Vomit, urine and body odour: The messy world of personal characteristics, smell performance, smell preferences and disgust

V. Henshaw

Research output: Chapter in Book/Report/Conference proceedingConference contribution


Disgust, we know, is a mechanism by which young babies can automatically contort their facial muscles to limit the amount of air they inhale upon detection of unpleasant, usually strong or potentially toxic odours. However, as we grow, that which we find disgusting becomes much more influenced by a wide range of factors relating to the environments we inhabit, our individual characteristics and experiences, and our social and cultural backgrounds.Research into smell provides one means by which we can gain valuable insights into the varied roles that disgust plays in people’s expressions of themselves, perceptions of others and of the world around them. In recent research examining smell experiences of the city, female participants were much more likely to rate their sense of smell highly than men, with this rating difference being much greater than the physiological differences documented between genders in previous studies. However, upon further examination, this difference was found to be informed by women’s increased sensitivity to odours, frequently expressed as disgust.Furthermore, in a separate recent study on smell preferences, odours of urine, faeces, vomit and public toilets were some of the most frequently mentioned negatively perceived odours with body odour featuring most frequently as the least liked smell (mentioned by 55% of participants). However, body odour was also mentioned by some participants as a most liked odours, with this being influenced by contextual information such as from whose body the odour was emitted, and whether odours were considered to be in or out of place. Smell preferences were also frequently linked with self preservation, one of the key functions of smell perception, and highly associated with odour familiarity, previous experiences of odours, illness and disgust. This begs further questioning such as what is the purpose of disgust, does this change throughout our lifetimes, and what roles does it play at a psychological, physiological and social level?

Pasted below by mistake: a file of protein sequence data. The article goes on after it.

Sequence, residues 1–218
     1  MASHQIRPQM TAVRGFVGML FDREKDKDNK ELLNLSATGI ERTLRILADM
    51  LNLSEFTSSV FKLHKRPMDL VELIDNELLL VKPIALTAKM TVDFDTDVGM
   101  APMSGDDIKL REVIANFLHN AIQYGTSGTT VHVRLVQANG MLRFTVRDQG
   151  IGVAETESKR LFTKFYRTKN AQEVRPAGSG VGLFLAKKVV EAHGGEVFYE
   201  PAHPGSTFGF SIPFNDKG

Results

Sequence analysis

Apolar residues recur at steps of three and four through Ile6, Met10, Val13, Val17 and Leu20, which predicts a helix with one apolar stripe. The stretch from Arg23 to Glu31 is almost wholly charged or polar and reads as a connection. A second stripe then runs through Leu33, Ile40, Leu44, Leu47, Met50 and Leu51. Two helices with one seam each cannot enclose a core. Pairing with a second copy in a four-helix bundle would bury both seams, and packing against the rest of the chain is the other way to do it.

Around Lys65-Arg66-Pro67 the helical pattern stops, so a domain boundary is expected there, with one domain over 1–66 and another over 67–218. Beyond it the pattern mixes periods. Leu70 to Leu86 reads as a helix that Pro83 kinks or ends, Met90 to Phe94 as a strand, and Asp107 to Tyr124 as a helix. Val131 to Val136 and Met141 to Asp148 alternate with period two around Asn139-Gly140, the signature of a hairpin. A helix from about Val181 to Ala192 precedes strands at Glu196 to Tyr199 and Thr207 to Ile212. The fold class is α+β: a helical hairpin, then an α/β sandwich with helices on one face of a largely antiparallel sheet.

Original languageEnglish
Title of host publicationhost publication
Publication statusPublished - Dec 2011
EventSensory Worlds Conference - The University of Edinburgh
Duration: 7 Dec 20119 Dec 2011


ConferenceSensory Worlds Conference
CityThe University of Edinburgh


  • disgust, smell, preference, cities


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